An Inspiration for All: Karla Cornejo Villavicencio Makes History

Karla Cornejo Villavicencio, a Harvard graduate, has made headlines as the first undocumented immigrant to be named a National Book Award Finalist

Every November, a multitude of authors are awarded with the prestige of being named a National Book Award Finalist, a feat that only the best American literary geniuses can boast. The eye-opening twist for this year’s batch of finalists? An undocumented immigrant has made the cut, for the very first time in history.

Ms. Karla Cornejo Villavicencio, a Harvard graduate, has made headlines as the first undocumented finalist, blowing away many by storm. Her penmanship gained momentum even during her Harvard days over a decade ago, when she crafted an anonymous essay about student life as an illegal immigrant. Back in 2010, she discussed the struggles between the need to remain a silhouette while attending classes, yet also needing to make a screaming difference, all at the same time. The fight to silently make your voice heard was indescribable, and her anonymous essay, published on The Daily Beast as of now, but originally on Harvard’s newsletter, encapsulates only a minute portion of pressure that Villavicencio had been feeling at the time. She recalls how close her family felt they were to amnesty, justice for all of the illegal immigrants that came to the United States with nothing but the purest of intentions and mind blowing ambition. 

In layman's terms, reach into the depths of your brain matter and attempt to obtain the earliest of your memories, not swayed by the telling of stories, but strictly memory. On average, we can only retrieve moments from age three or four. Now, I ask you to put yourself in Ms. Villavicencio’s shoes. She writes, “I was born in South America and lived there until I was 4 but I’ve lived here since I started Kindergarten. That’s how I’ve always measured my life, in increments of semesters and trimesters and marking periods. School has always been my sanctuary…”. Imagine hearing you had overstayed your visa before you even learned the alphabet. Are you suddenly a criminal?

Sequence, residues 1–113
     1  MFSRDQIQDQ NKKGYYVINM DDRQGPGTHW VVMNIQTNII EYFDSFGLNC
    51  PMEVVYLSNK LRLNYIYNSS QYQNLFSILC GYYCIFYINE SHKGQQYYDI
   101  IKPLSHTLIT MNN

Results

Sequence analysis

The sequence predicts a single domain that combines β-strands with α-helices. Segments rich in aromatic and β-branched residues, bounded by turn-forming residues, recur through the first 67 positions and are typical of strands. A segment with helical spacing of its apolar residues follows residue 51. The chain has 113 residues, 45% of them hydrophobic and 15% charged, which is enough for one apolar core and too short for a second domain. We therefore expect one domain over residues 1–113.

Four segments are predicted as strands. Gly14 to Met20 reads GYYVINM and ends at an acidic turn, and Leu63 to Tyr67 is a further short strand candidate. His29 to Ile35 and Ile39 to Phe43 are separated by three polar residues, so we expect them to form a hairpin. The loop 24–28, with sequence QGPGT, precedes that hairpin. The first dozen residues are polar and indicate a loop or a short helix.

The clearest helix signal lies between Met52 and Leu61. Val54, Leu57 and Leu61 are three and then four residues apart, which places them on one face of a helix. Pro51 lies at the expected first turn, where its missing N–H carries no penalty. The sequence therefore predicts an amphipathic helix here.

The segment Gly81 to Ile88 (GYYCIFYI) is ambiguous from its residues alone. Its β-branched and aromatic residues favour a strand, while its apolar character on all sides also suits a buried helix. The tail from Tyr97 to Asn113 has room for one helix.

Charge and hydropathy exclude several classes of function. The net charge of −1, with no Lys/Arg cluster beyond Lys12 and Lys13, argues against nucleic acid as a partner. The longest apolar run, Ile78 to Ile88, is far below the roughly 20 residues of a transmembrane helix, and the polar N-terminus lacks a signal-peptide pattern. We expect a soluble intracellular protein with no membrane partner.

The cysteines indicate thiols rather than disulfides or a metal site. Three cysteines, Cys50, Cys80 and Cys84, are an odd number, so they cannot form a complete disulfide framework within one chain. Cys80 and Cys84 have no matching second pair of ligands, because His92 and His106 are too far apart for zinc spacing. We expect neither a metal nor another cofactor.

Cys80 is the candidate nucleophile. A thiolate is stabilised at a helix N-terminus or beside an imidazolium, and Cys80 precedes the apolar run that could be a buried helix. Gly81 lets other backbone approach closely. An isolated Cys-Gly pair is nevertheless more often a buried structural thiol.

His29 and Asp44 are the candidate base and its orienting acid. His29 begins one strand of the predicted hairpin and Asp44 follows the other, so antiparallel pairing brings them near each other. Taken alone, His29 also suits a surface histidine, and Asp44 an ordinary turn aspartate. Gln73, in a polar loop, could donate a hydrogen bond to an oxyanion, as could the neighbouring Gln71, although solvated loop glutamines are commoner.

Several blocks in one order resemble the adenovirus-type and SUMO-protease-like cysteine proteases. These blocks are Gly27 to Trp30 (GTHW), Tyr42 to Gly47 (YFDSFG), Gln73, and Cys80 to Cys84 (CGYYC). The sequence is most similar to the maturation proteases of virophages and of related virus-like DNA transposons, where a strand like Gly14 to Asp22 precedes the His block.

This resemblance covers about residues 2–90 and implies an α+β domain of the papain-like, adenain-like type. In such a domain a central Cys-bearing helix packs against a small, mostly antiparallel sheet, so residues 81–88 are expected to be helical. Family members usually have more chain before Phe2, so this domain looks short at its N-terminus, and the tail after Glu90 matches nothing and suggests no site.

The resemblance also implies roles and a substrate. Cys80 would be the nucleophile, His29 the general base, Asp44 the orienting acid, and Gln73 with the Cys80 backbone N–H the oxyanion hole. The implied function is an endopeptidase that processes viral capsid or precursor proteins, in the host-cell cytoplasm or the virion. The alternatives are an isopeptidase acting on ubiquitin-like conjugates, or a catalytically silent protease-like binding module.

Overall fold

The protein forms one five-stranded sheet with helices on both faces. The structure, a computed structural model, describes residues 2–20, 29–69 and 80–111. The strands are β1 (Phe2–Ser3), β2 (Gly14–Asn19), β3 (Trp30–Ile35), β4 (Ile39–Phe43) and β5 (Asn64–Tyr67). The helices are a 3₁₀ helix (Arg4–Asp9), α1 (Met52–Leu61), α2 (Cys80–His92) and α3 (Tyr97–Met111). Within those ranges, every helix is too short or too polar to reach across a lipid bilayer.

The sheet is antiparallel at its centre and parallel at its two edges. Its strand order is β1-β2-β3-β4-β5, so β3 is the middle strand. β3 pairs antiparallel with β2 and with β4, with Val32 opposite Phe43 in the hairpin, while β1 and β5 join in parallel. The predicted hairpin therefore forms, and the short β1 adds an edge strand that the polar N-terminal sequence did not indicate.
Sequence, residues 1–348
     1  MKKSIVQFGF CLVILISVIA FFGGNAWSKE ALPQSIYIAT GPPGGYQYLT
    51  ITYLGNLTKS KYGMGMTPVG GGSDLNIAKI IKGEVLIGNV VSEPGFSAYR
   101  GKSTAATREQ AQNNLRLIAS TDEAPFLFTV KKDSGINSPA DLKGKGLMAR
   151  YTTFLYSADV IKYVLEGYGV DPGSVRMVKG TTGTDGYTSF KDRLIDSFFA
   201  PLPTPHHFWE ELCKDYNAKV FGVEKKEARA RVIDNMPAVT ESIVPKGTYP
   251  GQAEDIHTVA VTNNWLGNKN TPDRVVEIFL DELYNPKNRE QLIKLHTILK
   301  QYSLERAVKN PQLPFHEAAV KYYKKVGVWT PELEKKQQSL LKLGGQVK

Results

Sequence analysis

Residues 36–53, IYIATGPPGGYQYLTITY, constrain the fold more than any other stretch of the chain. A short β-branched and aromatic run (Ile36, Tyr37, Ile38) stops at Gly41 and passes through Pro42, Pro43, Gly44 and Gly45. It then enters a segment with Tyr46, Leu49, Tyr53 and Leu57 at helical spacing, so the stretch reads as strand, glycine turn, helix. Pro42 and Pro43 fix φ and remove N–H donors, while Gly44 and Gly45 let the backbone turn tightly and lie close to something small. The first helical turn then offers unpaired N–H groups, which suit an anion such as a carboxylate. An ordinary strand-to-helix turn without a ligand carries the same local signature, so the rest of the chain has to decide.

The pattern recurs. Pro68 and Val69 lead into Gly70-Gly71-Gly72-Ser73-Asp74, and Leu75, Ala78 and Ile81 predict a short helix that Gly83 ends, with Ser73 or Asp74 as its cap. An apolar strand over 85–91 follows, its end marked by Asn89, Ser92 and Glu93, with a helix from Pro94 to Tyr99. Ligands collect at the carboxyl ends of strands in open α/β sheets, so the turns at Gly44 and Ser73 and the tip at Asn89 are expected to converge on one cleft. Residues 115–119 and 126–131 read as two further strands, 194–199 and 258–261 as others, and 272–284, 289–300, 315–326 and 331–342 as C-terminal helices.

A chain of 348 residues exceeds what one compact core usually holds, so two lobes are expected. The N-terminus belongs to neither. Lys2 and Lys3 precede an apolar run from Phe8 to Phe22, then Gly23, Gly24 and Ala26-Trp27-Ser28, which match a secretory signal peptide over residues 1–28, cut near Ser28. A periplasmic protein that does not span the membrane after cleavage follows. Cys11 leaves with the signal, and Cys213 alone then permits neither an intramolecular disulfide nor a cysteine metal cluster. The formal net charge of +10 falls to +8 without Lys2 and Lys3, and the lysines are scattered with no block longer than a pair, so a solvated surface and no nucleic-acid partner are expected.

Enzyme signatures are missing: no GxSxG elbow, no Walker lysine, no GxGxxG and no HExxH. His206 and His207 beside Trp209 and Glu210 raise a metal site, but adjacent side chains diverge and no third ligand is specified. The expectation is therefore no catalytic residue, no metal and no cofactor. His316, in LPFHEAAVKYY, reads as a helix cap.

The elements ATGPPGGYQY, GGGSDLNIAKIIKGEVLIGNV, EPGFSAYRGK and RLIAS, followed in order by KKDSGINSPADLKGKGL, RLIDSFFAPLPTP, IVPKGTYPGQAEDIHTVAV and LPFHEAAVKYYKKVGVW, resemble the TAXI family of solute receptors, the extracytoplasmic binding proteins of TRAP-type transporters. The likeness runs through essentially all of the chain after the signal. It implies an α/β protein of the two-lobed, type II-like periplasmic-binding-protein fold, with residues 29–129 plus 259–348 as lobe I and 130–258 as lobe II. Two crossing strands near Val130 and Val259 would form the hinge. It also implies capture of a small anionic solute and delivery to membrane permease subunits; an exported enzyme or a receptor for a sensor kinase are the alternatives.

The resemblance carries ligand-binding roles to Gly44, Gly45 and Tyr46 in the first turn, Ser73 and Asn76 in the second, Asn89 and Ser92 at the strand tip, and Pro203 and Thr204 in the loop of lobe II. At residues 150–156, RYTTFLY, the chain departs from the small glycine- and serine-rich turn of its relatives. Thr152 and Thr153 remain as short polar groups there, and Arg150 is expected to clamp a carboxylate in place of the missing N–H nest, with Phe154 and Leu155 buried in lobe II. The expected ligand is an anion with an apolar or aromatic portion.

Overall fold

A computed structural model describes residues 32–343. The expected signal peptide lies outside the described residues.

Her story is just one of the few out of the overwhelming majority of undocumented immigrants in America. She argues, “Opponents of the DREAM Act say citizenship is not a right, it’s a privilege, and no amount of patriotism can entitle you to it, no matter how hard-earned or heartfelt—you cannot deserve your way into becoming American. But despite that rhetoric, the discourse of immigration reform always falls into a discussion of individual merits and goodness”.

The National Book Awards selected Villavicencio as a finalist for her print, The Undocumented Americans. It is worthwhile to mention that she is no longer undocumented, and is currently a Green Card holder. While her life has been filled with moments of fury through means of discrimination, she never felt quite betrayed unlike November 8th, 2016, the night the 2016 Presidential Election results were announced. Her inspiration behind her now nationally recognized book was built on the desire to create a piece that didn’t rely on “caricatures and cliches” to encompass the life of an undocumented citizen, but that rather bounced off stories from people all the way in Flint, Michigan, to Miami, Florida, and beyond. Critics have lauded her work as “captivating”, “evocative”, and “deeply revealing”.

Villavicencio is just starting her revolution. Her end goal? She is always quick to answer with, “I hope people love them. I hope immigrants and children of immigrants are inspired by them to create their own art”.

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